Smartphones and tablets are amazing educational tools when used with understanding and clarity of purpose.  They truly do make learning open and available everywhere and anywhere at any time. They also help to bring the real world into the classroom (Wylie, 2013). This is important in today’s educational world as more and more of our students, both children and adults, are “digital natives” or at least digitally fluent. This almost organic digital understanding means that our current methods of teaching and learning are as sorely outmoded and obsolete as our classroom technology becomes every six months. Using smartphones and tablets in our classrooms will enhance the learning of our students because they are far more comfortable with the tools available to them. When you close off these tools you close off learning and limit your students.

How do you make smartphones and tablets useful and amazing educational tools? You add applications to them that make learning interesting and engaging or place other opportunities and tools in their hands. Two such applications are Dropbox and Blackboard mobile. With Dropbox students are able to save, maintain, work with and share any and all of their coursework, research and personal documents on multiple platforms. That ability to access and work with their work on any device opens the material and the learning to them on a broader level and keeps them engaged in the course and the activities involved. Also because the material is saved to the Dropbox website if something happens to your primary access point (desktop, laptop, smartphone, etc.) the learner still has access through different means. Blackboard mobile brings all the functions and capabilities of Blackboard to the student’s mobile device making class available at any time in a dynamic fashion. On top of that it brings the campus, student life and other learning tools to the student’s fingertips. If a student is studying animal behavior in class he or she is able to look up the class material on animal behavior and view videos again or check course discussions or blogs and keep up with the work. When students need library services they are there for them. If a student wants to know when and where the next campus shuttle or bus will be available Blackboard mobile will show him or her. It can also show them how to get from one side of campus to the other. What is the college experience without the student life? Blackboard mobile brings that to a student’s fingertips as well showing students what is going on and where giving them easy access to campus happenings. Another wonderful feature is the ability to integrate the Dropbox application. All of these abilities make Blackboard mobile the ultimate portable campus directory and learning tool for today’s adult learner.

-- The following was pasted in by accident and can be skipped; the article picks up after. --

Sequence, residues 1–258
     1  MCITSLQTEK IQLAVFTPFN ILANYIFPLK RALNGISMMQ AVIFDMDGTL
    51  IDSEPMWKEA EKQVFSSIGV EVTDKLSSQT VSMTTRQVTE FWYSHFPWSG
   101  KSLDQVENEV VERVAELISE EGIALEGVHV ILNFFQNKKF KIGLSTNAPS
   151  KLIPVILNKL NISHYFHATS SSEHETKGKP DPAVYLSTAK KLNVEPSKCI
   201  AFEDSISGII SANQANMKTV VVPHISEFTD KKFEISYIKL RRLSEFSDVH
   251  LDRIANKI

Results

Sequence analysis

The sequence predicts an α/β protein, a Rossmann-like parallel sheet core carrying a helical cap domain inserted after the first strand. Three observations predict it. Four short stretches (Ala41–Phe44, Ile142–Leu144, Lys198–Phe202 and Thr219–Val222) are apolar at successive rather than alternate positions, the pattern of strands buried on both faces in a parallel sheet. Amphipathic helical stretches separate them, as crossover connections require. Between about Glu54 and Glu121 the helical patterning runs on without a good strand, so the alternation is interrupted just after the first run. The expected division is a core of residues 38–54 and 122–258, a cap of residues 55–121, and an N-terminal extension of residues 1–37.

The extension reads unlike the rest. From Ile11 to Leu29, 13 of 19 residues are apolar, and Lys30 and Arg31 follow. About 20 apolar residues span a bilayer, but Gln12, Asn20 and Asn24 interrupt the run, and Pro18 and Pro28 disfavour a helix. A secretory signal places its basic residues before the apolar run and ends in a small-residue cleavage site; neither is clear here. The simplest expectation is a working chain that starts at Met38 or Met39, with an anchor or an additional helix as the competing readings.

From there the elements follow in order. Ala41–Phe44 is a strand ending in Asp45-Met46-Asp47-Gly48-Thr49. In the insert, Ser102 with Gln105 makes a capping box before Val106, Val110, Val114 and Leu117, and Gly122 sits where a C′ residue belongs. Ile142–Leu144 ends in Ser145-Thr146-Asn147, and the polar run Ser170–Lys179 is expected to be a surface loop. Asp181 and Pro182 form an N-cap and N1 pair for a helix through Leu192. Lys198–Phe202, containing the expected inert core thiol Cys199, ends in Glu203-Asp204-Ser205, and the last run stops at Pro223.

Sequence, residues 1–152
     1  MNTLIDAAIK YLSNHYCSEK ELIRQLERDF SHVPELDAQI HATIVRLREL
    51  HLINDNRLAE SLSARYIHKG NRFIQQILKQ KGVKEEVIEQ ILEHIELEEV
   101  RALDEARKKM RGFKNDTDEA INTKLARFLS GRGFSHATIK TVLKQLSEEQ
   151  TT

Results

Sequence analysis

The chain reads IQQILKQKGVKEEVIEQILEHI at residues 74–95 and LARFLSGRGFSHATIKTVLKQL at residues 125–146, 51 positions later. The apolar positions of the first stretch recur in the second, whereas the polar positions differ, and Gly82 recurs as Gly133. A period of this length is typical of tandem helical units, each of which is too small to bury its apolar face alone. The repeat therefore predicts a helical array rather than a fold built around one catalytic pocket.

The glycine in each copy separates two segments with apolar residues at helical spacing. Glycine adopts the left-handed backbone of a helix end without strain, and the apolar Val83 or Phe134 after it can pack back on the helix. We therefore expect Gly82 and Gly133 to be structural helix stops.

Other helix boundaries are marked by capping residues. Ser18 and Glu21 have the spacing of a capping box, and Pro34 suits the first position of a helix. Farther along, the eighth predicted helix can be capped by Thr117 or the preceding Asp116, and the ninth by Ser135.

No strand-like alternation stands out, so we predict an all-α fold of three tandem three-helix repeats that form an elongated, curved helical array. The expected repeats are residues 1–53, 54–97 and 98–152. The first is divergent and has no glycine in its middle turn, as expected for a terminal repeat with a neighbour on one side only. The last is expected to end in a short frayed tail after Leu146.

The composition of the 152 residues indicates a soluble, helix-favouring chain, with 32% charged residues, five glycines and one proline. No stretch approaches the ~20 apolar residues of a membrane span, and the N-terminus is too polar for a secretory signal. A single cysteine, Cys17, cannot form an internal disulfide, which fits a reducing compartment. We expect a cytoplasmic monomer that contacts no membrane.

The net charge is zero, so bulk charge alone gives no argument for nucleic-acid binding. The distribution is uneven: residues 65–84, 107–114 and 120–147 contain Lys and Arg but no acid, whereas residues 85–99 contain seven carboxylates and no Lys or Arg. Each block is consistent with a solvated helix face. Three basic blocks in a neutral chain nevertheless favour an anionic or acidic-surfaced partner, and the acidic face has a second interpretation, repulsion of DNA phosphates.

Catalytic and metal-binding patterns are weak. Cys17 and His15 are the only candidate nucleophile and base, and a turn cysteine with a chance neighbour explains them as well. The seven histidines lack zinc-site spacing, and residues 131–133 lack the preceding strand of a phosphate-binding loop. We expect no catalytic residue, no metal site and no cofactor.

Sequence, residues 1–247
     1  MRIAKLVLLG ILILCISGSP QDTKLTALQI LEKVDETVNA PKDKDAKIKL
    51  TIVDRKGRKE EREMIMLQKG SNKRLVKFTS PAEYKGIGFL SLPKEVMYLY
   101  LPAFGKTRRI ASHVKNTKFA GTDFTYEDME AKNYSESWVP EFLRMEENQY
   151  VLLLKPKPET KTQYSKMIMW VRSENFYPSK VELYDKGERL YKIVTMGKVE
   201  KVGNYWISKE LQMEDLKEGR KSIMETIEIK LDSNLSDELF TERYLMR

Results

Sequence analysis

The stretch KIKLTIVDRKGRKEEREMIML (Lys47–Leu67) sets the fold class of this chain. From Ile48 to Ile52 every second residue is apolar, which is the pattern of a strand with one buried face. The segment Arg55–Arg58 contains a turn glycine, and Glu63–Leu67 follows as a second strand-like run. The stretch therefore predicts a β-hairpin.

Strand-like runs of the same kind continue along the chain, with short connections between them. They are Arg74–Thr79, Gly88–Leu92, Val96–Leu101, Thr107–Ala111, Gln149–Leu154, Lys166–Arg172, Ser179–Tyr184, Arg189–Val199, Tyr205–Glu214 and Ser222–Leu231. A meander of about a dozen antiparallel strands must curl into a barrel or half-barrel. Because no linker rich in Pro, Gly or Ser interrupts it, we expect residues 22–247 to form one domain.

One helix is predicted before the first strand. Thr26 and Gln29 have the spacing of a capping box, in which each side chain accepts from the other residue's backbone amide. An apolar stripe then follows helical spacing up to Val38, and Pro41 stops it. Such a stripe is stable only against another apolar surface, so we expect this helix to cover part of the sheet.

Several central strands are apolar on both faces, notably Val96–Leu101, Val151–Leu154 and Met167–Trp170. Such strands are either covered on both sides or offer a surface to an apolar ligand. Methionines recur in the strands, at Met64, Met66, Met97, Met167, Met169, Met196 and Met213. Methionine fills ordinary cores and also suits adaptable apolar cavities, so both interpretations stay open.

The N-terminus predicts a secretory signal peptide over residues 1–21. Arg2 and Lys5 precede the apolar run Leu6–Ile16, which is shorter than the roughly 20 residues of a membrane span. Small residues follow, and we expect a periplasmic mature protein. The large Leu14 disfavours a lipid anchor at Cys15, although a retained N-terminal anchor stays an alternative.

Smartphones and tablets are awesome tools to open learning to students on their terms and in their comfort zones. Dropbox and Blackboard mobile are applications that engage the students in their learning and make it fun and interesting. Using Dropbox will give my students the freedom and opportunity to create and share materials with each other allowing for improved collaboration and group projects. It will also give them the comfort of knowing that they have access wherever they are and whenever they need it. It also allows me to share things with the students. Blackboard mobile makes mobile learning everything it should be. My students will be able to use it to connect with every aspect of the school and class and open their minds to the possibilities of learning in general and mobile learning in particular. When these two applications are combined my students are given the mobile learning world quite literally at their fingertips freeing them to truly engage in that learning and making it truly a part of themselves.


Blackboard mobile. Retrieved from

Dropbox. Retrieved from!/tour/0

Wylie, J. (2013). Mobile learning technologies for 21st century classrooms. Retrieved from